Booted Eagle (Aquila pennatus)

Cover image Booted Eagle by Gregg Darling – Paarl mountain Reserve, Western Cape – BirdPix No. 6148


The Booted Eagle has a compact, stocky build and is the smallest brown eagle in Southern Africa. The sexes are alike in plumage but they differ in size, females being substantially larger than males. Females weigh up to 975g and can attain a wingspan of 1.35m

Identification guide for pale morph adult Booted Eagle
Booted Eagle (Aquila pennatus)
Britannia Bay, Western Cape
Photo by John Todd

The Booted Eagle is a variable species and can be found in three colour forms, a pale morph, a dark morph and the rare rufous morph. Pale morph birds make up roughly 80% of all individuals in Southern Africa.

Pale form birds have brown upperparts, including the head, and pale cream coloured underparts, with a variable amount of brown streaking on the chest. Dark morph birds are entirely dark brown with dark streaking below. The rufous morph is intermediate between the dark and pale morphs and has variable, rufous underparts. All colour morphs show a band of buff-tipped feathers on the folded wings.

Aquila pennatus
Booted Eagle (Aquila pennatus) Dark morph.
Victoria West dam, Northern Cape
Photo by Sybrand Venter

At certain angles in flight, shows pale patches or ‘landing lights’ on the leading edge of the wings, close to the body. This is the most distinguishing feature of this species but is not clear from all angles and is less conspicuous on pale form individuals. Additionally, when seen flying from below, there is a distinctive pale wedge at the bend of the wing.

Identification guide for Booted Eagle Aquila pennatus
Booted Eagle (Aquila pennatus)
Greyton district, Western Cape
Photo by Stuart Shearer
Inset photo by Pamela Kleiman – Calitzdorp district, Western Cape

Juveniles resemble their respective adult morph but have buffy feathers on the upper wing coverts, secondaries and tail feathers.

The Booted Eagle could be mistaken for other similarly sized brown raptors such as Wahlberg’s Eagle Hieraaetus wahlbergi, Lesser Spotted Eagle Clanga pomarina, Black Kite Milvus migrans and juvenile Ayre’s Hawk Eagle Hieraaetus ayresii.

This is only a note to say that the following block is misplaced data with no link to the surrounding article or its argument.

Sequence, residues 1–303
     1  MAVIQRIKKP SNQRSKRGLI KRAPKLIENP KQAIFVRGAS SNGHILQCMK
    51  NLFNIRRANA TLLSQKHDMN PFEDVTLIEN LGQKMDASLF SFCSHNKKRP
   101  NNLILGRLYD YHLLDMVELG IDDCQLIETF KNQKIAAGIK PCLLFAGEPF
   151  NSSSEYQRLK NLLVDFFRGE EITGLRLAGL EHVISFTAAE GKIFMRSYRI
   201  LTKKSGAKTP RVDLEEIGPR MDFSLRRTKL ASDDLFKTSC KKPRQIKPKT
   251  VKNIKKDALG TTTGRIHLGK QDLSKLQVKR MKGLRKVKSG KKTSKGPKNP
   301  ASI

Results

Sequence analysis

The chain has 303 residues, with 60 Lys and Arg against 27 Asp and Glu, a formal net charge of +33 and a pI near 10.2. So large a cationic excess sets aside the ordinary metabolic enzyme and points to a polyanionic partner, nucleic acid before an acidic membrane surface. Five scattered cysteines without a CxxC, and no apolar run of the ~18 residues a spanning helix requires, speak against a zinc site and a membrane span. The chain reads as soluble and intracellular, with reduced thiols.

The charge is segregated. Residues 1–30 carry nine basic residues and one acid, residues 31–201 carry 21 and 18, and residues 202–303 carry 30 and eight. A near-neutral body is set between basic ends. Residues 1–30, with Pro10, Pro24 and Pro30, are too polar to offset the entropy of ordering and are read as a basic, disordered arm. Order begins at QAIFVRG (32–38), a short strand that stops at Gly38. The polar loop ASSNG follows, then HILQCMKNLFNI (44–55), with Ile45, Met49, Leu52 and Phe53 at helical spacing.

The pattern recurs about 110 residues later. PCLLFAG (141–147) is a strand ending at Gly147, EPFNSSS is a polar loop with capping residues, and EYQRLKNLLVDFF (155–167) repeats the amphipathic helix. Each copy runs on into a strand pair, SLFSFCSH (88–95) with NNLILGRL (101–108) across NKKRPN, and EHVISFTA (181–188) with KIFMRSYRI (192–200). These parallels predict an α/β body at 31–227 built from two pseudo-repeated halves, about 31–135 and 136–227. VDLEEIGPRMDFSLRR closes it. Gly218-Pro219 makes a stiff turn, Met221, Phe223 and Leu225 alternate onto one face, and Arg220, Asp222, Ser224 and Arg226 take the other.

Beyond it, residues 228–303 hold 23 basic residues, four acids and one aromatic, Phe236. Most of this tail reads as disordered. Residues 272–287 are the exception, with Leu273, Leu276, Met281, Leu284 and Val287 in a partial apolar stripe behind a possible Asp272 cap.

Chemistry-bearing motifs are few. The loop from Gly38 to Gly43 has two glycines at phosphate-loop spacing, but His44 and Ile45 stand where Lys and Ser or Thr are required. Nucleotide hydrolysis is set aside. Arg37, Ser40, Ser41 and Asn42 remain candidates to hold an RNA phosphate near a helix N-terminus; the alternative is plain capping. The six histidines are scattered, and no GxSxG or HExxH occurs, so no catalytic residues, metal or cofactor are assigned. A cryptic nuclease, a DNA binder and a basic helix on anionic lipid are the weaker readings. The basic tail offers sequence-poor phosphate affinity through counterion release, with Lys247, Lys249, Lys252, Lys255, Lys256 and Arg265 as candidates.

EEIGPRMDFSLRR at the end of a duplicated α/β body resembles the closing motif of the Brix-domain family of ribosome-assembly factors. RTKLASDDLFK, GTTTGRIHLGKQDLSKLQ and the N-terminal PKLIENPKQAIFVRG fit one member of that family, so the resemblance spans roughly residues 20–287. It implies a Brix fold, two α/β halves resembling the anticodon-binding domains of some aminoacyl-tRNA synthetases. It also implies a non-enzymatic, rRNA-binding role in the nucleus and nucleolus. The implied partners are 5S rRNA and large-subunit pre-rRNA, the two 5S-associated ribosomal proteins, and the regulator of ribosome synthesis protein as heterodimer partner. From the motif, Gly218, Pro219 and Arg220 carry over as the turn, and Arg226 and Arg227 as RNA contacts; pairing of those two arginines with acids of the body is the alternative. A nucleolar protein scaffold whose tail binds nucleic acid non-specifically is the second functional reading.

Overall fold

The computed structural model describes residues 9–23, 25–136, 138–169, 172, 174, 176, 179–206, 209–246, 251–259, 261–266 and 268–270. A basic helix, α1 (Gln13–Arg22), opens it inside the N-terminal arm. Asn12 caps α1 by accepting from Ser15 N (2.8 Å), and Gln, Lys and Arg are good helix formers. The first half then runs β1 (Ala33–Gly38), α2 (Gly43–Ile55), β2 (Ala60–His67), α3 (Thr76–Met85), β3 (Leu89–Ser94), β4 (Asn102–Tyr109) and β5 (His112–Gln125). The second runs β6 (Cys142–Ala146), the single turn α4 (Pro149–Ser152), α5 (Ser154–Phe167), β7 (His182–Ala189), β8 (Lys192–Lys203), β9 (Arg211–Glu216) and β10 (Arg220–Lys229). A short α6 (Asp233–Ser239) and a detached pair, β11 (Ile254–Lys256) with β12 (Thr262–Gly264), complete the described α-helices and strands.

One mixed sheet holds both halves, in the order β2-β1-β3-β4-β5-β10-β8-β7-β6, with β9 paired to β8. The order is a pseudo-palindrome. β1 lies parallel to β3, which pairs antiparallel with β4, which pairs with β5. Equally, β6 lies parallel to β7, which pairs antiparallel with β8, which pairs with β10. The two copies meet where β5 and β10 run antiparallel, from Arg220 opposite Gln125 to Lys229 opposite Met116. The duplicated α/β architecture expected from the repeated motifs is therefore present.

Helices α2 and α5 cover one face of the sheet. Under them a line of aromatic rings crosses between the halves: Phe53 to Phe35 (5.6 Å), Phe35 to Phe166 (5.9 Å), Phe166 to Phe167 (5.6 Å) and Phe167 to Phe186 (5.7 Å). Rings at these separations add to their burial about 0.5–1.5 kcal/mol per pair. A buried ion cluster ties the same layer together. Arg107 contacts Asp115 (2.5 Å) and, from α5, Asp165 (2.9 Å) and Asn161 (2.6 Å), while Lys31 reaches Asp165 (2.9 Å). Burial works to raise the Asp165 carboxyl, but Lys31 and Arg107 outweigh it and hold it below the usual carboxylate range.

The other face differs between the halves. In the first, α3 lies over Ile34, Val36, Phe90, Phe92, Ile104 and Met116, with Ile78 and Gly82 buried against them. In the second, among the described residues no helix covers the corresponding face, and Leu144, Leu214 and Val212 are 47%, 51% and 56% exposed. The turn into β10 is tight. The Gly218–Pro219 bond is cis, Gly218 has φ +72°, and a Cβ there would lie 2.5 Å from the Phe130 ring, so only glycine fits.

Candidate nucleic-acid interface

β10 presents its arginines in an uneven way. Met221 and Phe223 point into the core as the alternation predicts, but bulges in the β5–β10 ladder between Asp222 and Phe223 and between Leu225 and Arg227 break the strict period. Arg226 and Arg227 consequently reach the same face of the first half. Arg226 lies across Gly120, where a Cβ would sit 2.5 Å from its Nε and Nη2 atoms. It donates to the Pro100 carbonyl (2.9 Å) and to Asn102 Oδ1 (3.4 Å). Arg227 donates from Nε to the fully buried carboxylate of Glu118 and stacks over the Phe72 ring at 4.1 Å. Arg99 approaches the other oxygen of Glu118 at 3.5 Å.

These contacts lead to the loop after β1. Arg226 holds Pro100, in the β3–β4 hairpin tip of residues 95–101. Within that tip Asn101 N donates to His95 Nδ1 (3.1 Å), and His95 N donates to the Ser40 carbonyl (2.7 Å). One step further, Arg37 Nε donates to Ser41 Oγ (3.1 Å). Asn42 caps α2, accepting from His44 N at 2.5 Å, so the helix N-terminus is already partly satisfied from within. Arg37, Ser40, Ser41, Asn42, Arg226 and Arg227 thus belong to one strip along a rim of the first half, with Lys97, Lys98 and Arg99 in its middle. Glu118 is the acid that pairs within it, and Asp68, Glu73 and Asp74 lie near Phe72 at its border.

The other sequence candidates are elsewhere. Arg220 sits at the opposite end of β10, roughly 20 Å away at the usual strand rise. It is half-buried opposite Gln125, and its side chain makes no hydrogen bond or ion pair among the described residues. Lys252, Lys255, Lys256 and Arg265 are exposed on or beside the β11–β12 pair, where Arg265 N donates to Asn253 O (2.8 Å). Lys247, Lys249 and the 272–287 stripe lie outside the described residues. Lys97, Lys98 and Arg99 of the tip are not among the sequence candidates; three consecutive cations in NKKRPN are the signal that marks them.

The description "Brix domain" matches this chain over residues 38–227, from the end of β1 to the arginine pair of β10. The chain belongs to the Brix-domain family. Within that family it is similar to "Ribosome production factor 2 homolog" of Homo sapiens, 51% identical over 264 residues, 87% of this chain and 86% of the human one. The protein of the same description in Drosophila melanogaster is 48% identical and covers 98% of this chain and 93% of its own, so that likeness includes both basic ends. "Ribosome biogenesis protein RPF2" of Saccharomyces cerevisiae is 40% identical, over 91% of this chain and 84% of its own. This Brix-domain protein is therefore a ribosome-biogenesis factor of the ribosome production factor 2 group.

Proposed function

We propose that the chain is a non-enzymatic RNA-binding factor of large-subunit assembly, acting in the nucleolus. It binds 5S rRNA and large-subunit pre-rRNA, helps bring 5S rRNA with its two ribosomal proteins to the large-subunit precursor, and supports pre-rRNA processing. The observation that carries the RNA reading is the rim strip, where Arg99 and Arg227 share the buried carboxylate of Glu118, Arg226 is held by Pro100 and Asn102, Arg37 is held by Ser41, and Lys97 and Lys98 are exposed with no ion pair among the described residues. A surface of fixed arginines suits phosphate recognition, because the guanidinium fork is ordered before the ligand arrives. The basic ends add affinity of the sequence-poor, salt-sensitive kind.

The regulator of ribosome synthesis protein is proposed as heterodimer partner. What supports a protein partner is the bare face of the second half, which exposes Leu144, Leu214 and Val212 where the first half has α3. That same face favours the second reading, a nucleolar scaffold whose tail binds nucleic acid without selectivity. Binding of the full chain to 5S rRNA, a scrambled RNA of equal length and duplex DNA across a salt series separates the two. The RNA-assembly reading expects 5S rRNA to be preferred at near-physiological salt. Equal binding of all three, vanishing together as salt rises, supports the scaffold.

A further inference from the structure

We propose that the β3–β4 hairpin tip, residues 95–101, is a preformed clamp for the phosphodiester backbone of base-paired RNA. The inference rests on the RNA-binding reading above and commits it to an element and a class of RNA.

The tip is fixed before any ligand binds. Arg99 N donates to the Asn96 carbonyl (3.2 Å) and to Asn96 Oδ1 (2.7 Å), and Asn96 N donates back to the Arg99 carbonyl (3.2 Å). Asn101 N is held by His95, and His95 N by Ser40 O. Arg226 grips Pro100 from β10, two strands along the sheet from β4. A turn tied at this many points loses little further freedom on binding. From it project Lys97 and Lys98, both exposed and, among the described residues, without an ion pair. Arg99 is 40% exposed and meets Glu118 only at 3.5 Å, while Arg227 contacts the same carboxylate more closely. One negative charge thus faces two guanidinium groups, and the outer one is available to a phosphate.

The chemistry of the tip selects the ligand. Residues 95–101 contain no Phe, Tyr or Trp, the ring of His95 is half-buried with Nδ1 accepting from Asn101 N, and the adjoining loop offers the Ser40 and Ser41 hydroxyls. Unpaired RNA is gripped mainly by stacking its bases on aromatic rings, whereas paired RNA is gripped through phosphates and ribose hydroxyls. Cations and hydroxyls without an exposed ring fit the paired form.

The Black Kite lacks the white ‘landing lights’ and has a shallowly forked (not slightly rounded) tail. Wahlberg’s Eagle has longer, straighter wings and a narrow, rectangular tail, and also lacks the white ‘landing lights’. Juvenile Ayres’s Hawk-Eagle is more compact, with strong barring on the under wings and tail. The Lesser Spotted Eagle is larger with broader wings and a shorter, broader tail. It too lacks the diagnostic ‘landing lights’ of the Booted Eagle.

Aquila pennatus
Booted Eagle (Aquila pennatus)
Teza Lake, KwaZulu-Natal
Photo by Dave Rimmer

Status and Distribution

The Booted Eagle is a very widespread species, occurring across Africa, southern and eastern Europe, parts of western and central Asia and the Indian subcontinent.

It is fairly common but localised throughout Southern Africa and is most numerous in the winter rainfall regions of South Africa.

SABAP2 distribution map for Booted Eagle
SABAP2 distribution map for Booted Eagle (Aquila pennatus) – August 2023. Details for map interpretation can be found here.

There are three populations of Booted Eagles in southern Africa. The first comprises birds that breed in the winter rainfall region of the Northern, Western and Eastern Cape. These birds disperse into other parts of southern Africa after breeding. The second population is small and breeds on the Waterberg Plateau in Namibia. The third are non-breeding Palearctic migrants from Eurasia and North Africa. Local breeding birds are indistinguishable from Palearctic birds.

It is possible that the establishment of local breeding populations is a recent phenomenon and the species is perhaps undergoing an increase in numbers and breeding range.


Booted Eagle
Habitat – Gifberg, near Vanrhynsdorp, Western Cape
Photo by Ryan Tippett

The Booted Eagle is restricted to breeding on cliffs in mountainous country but hunts in both hilly and flat terrain.

It is most common in the dwarf shrublands of the Karoo and in fynbos. Non-breeding migrants are found in a variety of non-forested habitats, including open woodland, grassland, desert and semi-desert. It avoids forested and densely wooded habitats.